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In my childhood I was a fervent worshiper of the tiger: not the jaguar, the spotted “tiger” of the Amazonian tangles and the isles of vegetation that float down the Paraná, but that striped, Asiatic, royal tiger, that can only be faced by a man of war, on a castle atop an elephant. I used to linger endlessly before one of the cages at the zoo; I judged vast encyclopedias and books of natural history by the splendor of their tigers. (I still remember those illustrations: I who cannot rightly recall the brow or the smile of a woman.) Childhood passed away, and the tigers and my passion for them grew old, but still they are in my dreams. At that submerged or chaotic level they keep prevailing. And so, as I sleep, some dream beguiles me, and suddenly I know I am dreaming. Then I think: this is a dream, a pure diversion of my will; and now that I have unlimited power, I am going to cause a tiger.
Oh, incompetence! Never can my dreams engender the wild beast I long for. The tiger indeed appears, but stuffed or flimsy, or with impure variations of shape, or of an implausible size, or all too fleeting, or with a touch of the dog or the bird.
— Jose Luis Borges, “Dreamtigers” (from the collection of the same name)
Minhwa refers to Korean folk art produced mostly by itinerant or unknown artists without formal training, emulating contemporary trends in fine art for the purpose of everyday use or decoration. Minhwa literally means “painting of the people” or “popular painting”. This type of painting was often the work of anonymous craftsmen who faithfully adhered to the styles, canons and genres inherited from the past. Minhwa also involved a magical dimension; they were believed to possess beneficial virtues and to protect the owner and his family from evil forces.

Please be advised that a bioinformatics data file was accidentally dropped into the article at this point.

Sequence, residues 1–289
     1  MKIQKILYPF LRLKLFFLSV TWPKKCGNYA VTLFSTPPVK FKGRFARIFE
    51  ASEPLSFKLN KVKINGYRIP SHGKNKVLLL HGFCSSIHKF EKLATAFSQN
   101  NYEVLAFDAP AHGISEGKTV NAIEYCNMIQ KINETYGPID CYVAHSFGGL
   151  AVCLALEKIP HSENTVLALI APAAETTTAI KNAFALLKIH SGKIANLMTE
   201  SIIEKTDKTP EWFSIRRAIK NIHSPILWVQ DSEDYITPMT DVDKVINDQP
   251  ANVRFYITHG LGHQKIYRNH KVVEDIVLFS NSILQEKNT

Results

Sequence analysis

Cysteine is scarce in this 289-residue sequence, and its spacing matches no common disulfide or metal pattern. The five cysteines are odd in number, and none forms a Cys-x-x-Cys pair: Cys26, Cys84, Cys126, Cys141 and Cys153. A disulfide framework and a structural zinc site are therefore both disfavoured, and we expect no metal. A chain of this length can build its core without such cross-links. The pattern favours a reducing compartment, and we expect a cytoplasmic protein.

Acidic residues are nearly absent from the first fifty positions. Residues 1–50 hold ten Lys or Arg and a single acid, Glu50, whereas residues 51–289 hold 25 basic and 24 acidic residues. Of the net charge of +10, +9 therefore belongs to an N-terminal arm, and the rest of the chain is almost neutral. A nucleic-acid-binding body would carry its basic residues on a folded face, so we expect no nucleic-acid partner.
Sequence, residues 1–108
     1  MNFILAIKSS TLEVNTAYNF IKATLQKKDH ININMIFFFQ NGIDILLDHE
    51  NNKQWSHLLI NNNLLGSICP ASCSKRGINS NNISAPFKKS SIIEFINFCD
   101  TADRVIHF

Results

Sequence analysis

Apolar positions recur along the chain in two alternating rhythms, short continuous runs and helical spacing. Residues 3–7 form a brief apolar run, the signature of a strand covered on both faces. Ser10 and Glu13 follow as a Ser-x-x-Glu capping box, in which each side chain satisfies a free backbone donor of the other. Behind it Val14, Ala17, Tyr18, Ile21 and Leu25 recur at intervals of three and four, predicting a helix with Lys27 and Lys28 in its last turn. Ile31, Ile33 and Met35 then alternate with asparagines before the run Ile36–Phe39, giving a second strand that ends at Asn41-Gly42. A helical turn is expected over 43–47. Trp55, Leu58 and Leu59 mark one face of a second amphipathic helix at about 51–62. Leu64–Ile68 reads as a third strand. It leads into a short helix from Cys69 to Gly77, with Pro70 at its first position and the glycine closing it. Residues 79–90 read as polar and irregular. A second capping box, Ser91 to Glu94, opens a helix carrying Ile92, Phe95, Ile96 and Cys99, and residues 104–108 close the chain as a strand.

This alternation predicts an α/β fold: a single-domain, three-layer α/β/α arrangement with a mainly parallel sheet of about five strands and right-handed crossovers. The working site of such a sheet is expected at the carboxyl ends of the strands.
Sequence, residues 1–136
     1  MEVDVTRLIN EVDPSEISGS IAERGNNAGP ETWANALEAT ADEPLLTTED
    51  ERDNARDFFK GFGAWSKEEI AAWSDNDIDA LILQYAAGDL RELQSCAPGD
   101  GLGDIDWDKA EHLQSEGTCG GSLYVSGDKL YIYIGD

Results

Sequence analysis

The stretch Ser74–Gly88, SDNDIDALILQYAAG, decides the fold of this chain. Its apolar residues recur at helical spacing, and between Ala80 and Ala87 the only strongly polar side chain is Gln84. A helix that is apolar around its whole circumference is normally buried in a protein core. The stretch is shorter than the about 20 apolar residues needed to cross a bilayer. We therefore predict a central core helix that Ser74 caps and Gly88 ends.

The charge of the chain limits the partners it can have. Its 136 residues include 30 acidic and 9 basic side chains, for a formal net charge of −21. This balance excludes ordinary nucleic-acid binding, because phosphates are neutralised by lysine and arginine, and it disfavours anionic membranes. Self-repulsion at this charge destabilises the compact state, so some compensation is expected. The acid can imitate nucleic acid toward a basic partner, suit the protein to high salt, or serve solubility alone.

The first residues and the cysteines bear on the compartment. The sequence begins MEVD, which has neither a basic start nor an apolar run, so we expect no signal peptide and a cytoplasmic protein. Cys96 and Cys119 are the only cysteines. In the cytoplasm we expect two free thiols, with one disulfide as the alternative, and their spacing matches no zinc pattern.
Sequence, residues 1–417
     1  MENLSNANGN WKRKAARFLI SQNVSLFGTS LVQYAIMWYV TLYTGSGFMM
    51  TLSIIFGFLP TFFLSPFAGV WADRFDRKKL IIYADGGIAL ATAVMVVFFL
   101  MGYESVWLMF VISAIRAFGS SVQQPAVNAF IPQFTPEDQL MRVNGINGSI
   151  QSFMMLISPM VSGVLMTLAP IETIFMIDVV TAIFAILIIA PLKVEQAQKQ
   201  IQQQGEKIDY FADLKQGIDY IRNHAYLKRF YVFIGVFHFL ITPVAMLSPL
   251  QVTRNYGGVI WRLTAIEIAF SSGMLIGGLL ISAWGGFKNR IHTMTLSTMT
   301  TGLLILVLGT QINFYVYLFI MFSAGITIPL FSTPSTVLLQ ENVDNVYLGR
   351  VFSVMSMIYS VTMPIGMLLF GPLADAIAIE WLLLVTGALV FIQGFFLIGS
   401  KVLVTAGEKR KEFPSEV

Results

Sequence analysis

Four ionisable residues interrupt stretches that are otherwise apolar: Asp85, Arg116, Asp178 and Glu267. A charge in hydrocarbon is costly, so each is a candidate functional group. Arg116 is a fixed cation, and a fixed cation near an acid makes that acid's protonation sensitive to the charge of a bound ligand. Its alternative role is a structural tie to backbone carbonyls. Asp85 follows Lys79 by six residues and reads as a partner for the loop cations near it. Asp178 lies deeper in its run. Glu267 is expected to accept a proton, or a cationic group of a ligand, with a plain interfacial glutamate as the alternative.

Minhwa art developed into its present form in the seventeenth century. The artists are mostly unknown commoners of the low and middle class. Some were traveling visitors usually attending festivals who followed trends in fine art in order to develop the crude minhwa style artwork that expressed its emotions using symbolism, optimism, humor, and satire.
Kkachi horangi (까치호랑이) is a prominent genre of minhwa that depicts magpies and tigers. In kkachi horangi paintings, the tiger, which is intentionally given a ridiculous and stupid appearance (hence its nickname “idiot tiger” 바보호랑이), represents authority and the aristocratic yangban, while the dignified magpie represents the common man. Hence, kkachi horangi paintings of magpies and tigers were a satire of the hierarchical structure of Joseon's feudal society.
Recommended tiger-related reading
Read this a while back and absolutely loved it, would read again, 10/10.
Outside a remote village in Russia’s Far East a man-eating tiger is on the prowl. The tiger isn’t just killing people, it’s murdering them, almost as if it has a vendetta. A team of trackers is dispatched to hunt down the tiger before it strikes again. They know the creature is cunning, injured, and starving, making it even more dangerous. As John Vaillant re-creates these extraordinary events, he gives us an unforgettable and masterful work of narrative nonfiction that combines a riveting portrait of a stark and mysterious region of the world and its people, with the natural history of nature’s most deadly predator.